Sunday, April 22, 2007

April 20 and 21, 2007 - Colon, Panama

There is something wonderful about waking up and seeing land after days and days of being surrounded by water. I had come off watch around 0030, so I was very surprised to discover that it was dawn when I woke up. I looked up and Sten was sitting on the pizza box (the cushioned cover that Alena made for our life raft).

"How come you let me sleep so late?" I asked groggily.
"I was looking at shippy-ships," he responded with a grin.

I stuck my head out of the hatch to see the lush purple hills of Panama in the dawning light. What a wonderful change of scenery after the aridness of the ABC's. As we approached the breakwall that protects the basin on this side of the Canal, I counted 24 big ships waiting outside. Inside the basin, there were half a dozen more.

[If you look closely at the picture above, you can see all the white dots on the horizon. Those are ships.]

We dropped anchor in the Flats area, had a late breakfast, stowed all our lines, inflated the dinghy, showered and headed into the yacht club to see about clearing in. No sooner had we arrived at the yacht club when we met a Canadian cruiser who steered us towards Tito, a guy who for $50 would ferry us around to all of the offices that we needed to visit to get our cruising permit and visa and to schedule the Admeasurer's visit. He knew everyone in the offices, spoke English very well, and had us back to the yacht club in about an hour. Even with our cruising guide, we would have had trouble finding these offices, and Colon isn't a town that we plan to be wandering around on our own, so we felt that his fee was well worth it.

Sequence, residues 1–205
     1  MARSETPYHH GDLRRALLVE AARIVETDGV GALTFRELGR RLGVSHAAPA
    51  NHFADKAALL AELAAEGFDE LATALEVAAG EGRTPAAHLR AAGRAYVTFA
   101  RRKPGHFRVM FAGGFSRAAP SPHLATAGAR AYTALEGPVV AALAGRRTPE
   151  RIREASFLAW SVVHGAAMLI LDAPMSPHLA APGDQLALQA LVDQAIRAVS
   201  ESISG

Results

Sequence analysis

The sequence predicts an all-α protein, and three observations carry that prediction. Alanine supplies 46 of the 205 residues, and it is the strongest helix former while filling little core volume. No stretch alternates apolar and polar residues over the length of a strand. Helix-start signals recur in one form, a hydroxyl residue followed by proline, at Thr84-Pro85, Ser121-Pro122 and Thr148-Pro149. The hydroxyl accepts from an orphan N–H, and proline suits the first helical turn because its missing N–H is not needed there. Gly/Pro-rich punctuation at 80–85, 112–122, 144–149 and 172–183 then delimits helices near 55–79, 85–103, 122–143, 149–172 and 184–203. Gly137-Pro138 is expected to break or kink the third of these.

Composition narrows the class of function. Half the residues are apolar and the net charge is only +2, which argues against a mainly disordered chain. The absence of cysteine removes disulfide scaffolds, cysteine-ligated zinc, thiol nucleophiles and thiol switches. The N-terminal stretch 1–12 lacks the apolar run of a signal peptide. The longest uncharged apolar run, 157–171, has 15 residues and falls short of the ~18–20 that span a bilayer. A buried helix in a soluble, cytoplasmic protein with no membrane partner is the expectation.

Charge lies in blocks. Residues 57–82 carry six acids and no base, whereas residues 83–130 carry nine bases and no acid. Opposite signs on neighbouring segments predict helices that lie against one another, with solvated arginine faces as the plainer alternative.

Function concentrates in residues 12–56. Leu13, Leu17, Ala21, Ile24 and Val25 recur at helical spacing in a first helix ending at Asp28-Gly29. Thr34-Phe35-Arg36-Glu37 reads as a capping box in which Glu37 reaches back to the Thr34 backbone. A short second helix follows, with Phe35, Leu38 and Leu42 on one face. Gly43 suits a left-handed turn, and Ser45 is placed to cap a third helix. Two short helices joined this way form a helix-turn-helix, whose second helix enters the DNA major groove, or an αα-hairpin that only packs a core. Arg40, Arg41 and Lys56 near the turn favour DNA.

We woke up this morning to a dead calm, surrounded by a smoky haze. I've never lived in LA. Is this smog? Whatever it is, I'm now calling the Flats, the Ashtray. Sten sat in the cockpit this morning, drinking coffee and enjoying watching the ships head into the canal. He's a boat watcher from way back (one of our favorite beaches in Newport was a little stone beach by Castle Hill that let us watch the boats coming in and out of Narragansett Bay), so he's enjoying the scenery here in the Ashtray.

Around noon, the Admeasurer came out to measure our boat. Boats up to 50 feet pay a transit fee of $600. Boats with a length of 50 to 80 feet pay an $850 fee. So we were really hoping to come in at less than 50 feet. Even though our LOA is 48feet, after he stretched his tape measure from the tip of the pulpit to the edge of our swim platform, we came in at 49.05 feet. Yeah.

On Monday we'll take our paperwork from the Admeasurer to the bank and pay our $600, plus a "buffer" deposit of $850, which will be refunded unless we manage to damage the Canal on our way through. Based on the beating our gelcoat took when we faced off against the customs dock in Aruba, I'm betting that the chance of the Canal coming out on the losing side of a showdown against us is pretty slim.

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